The IRAOS is a semi-structured, clinical interview to be used by psychiatrists, psychologists, and other mental health professionals. It has been developed for assessing individual premorbid (social) development, and the onset and course of severe mental disorders (e.g., schizophrenia, affective psychoses). It is of special interest for studying onset, prepsychotic prodrome, and early course in early/detection/early-intervention programs.
The IRAOS is a semi-structured interview originally developed for the assessment of the onset and course of schizophrenia. The current, second version has been extended to encompass all psychotic disorders (affective and non-affective). It is fully compatible with the first version and has been supplemented by data from the population-based ABC Schizophrenia Study -- 232 first illness episodes of schizophrenia. 130 of these cases were compared with 130 age- and sex-matched "healthy" controls from the same population of origin and with 130 age- and sex-matched controls first admitted with a depressive episode. The IRAOS consists of sections on socio-demographic variables (life history data on school education, vocational training, income and living situation, information about family history, pre- and perinatal complications, partner), morbidity status, treatment patterns, and symptom development (date of onset, remission, relapse, and course of 125 indicators of beginning psychosis).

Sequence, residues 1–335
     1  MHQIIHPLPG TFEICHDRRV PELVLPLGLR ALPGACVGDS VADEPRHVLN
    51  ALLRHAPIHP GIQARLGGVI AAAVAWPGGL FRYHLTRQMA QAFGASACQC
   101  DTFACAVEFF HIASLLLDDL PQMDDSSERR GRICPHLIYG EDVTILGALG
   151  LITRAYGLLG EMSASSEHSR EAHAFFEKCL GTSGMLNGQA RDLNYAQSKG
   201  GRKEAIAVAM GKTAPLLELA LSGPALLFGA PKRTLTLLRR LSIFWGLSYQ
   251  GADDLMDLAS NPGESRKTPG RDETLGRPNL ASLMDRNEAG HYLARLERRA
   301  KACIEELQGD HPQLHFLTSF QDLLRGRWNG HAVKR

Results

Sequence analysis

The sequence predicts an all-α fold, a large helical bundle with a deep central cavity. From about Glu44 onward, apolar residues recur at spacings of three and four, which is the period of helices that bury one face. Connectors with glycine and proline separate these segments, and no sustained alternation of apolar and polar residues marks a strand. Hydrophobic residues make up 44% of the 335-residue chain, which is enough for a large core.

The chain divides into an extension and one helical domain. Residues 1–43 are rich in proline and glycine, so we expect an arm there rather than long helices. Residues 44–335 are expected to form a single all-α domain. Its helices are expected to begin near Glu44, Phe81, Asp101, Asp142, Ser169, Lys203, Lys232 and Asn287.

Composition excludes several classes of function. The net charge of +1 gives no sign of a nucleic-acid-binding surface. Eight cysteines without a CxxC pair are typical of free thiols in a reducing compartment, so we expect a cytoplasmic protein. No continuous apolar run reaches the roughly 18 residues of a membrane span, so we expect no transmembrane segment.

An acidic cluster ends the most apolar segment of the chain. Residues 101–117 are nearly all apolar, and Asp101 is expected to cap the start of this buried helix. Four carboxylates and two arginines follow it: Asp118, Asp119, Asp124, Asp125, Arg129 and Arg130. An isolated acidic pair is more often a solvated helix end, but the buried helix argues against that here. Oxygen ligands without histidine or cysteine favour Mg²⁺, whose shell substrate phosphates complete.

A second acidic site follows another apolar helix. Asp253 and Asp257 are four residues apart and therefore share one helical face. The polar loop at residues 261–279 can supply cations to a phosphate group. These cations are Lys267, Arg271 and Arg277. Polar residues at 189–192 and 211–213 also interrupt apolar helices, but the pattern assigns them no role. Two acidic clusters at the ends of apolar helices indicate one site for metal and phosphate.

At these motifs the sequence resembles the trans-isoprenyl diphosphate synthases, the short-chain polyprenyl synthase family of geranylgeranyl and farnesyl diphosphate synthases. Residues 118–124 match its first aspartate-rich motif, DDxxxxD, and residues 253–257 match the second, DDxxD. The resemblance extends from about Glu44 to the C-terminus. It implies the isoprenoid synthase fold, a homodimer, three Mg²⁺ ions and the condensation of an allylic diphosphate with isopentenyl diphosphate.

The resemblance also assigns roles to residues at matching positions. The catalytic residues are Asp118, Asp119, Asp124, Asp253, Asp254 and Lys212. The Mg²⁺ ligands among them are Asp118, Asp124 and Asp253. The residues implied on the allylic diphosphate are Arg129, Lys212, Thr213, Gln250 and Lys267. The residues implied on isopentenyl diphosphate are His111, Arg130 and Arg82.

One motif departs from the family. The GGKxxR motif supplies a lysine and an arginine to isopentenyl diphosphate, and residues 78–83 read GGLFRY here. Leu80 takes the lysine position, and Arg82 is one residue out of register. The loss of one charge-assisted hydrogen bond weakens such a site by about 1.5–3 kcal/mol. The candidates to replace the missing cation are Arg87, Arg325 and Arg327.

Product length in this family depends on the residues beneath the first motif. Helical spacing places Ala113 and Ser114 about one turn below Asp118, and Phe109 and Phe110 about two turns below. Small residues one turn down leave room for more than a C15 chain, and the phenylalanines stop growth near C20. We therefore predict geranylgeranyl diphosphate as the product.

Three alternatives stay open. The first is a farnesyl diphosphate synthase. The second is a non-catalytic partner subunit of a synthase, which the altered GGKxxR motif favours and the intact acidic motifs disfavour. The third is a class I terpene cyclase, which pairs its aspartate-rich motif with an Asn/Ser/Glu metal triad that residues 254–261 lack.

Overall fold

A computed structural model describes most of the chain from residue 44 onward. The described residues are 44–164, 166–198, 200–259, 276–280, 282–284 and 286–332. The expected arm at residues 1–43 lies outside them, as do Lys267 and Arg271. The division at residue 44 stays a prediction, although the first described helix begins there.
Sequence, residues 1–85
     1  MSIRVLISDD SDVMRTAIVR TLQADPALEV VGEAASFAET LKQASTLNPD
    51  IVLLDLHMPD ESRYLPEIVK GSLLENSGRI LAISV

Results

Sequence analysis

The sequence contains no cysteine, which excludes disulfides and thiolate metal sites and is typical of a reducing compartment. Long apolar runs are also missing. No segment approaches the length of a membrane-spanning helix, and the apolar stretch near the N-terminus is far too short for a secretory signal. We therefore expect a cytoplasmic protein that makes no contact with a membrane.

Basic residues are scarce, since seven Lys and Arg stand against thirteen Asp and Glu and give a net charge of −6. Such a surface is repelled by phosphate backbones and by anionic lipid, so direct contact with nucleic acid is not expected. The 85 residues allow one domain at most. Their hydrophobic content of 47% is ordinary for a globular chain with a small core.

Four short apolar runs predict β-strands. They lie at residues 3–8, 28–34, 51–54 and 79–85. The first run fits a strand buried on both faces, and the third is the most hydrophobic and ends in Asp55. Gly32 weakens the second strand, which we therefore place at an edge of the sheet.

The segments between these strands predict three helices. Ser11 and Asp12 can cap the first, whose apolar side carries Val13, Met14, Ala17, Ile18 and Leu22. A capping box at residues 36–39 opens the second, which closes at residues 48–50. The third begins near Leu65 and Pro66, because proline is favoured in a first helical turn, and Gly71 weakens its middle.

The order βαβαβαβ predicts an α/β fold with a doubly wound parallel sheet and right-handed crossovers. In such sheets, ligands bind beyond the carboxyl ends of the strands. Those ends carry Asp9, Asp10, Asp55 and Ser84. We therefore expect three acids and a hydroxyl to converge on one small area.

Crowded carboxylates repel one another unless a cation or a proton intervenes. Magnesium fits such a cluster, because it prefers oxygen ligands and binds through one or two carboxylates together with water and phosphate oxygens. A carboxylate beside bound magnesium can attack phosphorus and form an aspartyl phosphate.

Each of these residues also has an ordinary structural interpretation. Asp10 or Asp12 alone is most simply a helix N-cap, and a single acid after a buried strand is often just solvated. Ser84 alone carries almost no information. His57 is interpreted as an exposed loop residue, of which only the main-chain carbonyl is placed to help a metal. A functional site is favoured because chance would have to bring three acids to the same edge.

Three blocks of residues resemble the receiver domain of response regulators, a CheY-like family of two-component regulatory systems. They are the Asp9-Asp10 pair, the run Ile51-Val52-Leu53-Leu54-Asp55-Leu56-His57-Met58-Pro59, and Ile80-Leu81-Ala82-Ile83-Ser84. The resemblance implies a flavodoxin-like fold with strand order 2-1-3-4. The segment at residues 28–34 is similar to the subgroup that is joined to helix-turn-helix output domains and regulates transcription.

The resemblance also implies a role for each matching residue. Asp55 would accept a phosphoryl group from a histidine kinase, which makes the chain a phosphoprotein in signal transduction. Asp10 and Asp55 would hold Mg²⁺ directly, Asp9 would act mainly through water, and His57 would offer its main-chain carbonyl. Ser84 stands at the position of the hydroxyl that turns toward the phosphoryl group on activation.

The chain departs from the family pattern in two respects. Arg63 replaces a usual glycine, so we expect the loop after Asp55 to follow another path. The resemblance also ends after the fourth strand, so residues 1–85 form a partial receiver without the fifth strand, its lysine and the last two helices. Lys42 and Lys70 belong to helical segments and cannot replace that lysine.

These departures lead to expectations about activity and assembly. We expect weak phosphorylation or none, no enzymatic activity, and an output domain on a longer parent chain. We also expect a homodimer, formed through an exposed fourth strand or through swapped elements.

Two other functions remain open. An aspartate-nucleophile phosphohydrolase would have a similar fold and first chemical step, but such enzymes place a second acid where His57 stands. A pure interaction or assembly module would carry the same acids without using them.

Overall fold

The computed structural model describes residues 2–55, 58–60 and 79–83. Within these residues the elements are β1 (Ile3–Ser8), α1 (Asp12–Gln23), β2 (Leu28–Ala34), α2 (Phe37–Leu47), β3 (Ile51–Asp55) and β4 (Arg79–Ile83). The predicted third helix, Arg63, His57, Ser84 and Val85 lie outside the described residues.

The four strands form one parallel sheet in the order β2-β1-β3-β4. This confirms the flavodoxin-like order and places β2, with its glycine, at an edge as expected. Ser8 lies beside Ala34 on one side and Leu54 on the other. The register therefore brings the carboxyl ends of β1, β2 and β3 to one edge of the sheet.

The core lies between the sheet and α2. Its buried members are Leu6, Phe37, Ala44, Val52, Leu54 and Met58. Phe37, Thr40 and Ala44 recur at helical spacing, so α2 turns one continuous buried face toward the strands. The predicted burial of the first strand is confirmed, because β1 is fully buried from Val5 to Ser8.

Reliability tests were performed concerning the assessment of time of occurrence and content of variables: Kappa values and pairwise agreement rates were used on socio-demographic data, treatment data, and symptom onset and accumulation. A test-retest analysis was additionally performed on symptom items. On the whole, the reliability measures proved to be sufficiently high.
Symptom selection was based on the literature and, as far as prodromal signs in particular were concerned, on a large-scale expert rating. Besides the tests of face and content validity, in a further test of validity the main indicators of symptomatology and course as well as behavioral variables were compared across three independent data sources: the patient, a key person (relative), and medical records (mostly from primary care physicians/general practitioners). Assessments concerning the time of first-ever occurrence of symptoms (negative, positive, behavioral, etc.) in particular did not differ much, with patient and key person interviews yielding almost identical data. The reliability measures were sufficiently high. According to physician and other records, symptom onset occurred several months later than what the patients and key persons reported.
There are baseline values on social development, utilization patterns and symptoms for a clinical control group (first hospitalized depressive patients) and controls from the general population, matched by age and sex to a sample of 130 schizophrenic patients at first hospitalization.
Duration depends on the complexity of the individual’s biography, age, and ability to concentrate. Mean duration is 1.5-2 hours per interview, and about the same amount of time is needed for coding the information.
In use since 2004.